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Old 09-01-2009, 01:01 PM
 
Location: Southwest WA
1 posts, read 2,163 times
Reputation: 11

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I joined City-Data.com because I was googling affective parenting for 17 year olds. I have been reading all that I can find on here. Thank goodness I am not alone... as a single mom of a 17 year old daughter that thinks I know nothing at the age of 50+ years I need some advice.

What should be normal excepted rules of the home for her to follow. I am currently unemployed due to the economy and she holds that over my head. She is 17 and will be 18 in June 2010. Because of her attitude and failure to comply she will be doing High School in 5 years not 4. When she used her cell phone and ran up my bill more than double what it needed to be, I paid it, but put her on a kid plan of 100 minutes per month. A year ago I stripped her room of all but the basics and found she had purchased a wireless modem for her computer and had been on the computer all night without a firewall so she had lots of viruses. She had tried to access my internet information to use dial-up. She tells me how to drive.... and the list goes on. She undermines my authority with her younger brother and sister. When I do not give her things, she calls or writes her dad to get them for her or to send her money for them. This he does. She believes she should have no rules and come and go as she wishes.... HELP I am on a ship going down.....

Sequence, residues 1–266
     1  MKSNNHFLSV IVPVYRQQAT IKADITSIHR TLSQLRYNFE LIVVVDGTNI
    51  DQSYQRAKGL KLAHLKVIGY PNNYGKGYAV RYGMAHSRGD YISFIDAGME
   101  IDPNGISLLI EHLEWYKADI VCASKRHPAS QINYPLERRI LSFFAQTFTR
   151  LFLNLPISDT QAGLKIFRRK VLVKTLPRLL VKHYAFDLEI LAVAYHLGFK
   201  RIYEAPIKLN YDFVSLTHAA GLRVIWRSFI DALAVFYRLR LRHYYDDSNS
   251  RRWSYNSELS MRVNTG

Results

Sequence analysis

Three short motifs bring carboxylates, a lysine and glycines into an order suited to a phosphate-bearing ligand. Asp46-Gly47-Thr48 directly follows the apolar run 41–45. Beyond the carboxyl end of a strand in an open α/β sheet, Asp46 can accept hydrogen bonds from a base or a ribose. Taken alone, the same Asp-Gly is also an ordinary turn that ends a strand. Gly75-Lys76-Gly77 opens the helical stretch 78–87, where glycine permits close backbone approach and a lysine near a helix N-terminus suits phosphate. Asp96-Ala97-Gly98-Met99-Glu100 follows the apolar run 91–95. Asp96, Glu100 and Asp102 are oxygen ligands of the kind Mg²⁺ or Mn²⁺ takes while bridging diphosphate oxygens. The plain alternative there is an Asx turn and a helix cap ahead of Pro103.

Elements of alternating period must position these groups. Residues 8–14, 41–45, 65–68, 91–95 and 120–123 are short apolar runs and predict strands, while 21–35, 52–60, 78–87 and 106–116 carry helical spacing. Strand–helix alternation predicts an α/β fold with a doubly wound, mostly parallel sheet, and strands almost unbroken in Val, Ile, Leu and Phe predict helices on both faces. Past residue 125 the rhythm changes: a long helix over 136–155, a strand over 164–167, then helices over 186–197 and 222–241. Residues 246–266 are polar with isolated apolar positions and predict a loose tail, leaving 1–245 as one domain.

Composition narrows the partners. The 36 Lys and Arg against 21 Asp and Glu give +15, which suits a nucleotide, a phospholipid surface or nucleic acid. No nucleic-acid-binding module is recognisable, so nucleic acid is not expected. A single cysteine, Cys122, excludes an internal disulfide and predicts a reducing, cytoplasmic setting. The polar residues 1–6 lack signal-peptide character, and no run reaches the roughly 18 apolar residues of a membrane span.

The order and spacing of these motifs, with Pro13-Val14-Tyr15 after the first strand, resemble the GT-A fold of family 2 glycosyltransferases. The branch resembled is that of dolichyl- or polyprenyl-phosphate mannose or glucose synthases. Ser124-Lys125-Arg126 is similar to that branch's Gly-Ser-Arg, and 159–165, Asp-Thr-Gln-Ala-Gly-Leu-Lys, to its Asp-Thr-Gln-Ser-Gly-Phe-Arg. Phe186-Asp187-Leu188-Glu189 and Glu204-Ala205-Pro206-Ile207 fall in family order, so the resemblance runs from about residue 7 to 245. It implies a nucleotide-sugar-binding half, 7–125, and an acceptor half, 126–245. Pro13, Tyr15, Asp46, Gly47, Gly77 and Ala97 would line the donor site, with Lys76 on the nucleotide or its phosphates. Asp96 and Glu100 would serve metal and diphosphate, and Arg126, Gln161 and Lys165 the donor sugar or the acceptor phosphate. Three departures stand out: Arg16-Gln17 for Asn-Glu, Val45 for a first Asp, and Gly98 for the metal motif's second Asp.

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Old 09-01-2009, 02:30 PM
 
Location: Grosse Ile Michigan
24,779 posts, read 59,773,480 times
Reputation: 26937
We have some issues with slightly younger uns (14 and 15). We implemented the following rules and it worked:

1. Do your chores or lose your cell phone until you not only do that day's chores, but all other incompleted chores. We have a chore check each night and if they are not done, the cell phone(s) immediately go into my drawer until tomorrow's chore check.

2. No screens of any kind may be used until you have done a load of laundry (wash dry sort, put away) or a load of dishes (same) and your homework is all done. Violate this rule and lose the X-box, television or computer priveleges (except for supervised homework). If someone uses a screen when they have lost the privelege, then I simply unhook the device that they used. That is not fair to their siblings, but then life is not fair. (Why should they even have phones, X-box, computers, etc, when some kid ten miles away does nto even have a bed or food or parents that care about him or her? Sorry, some things just are not fair. It is a fact of life.)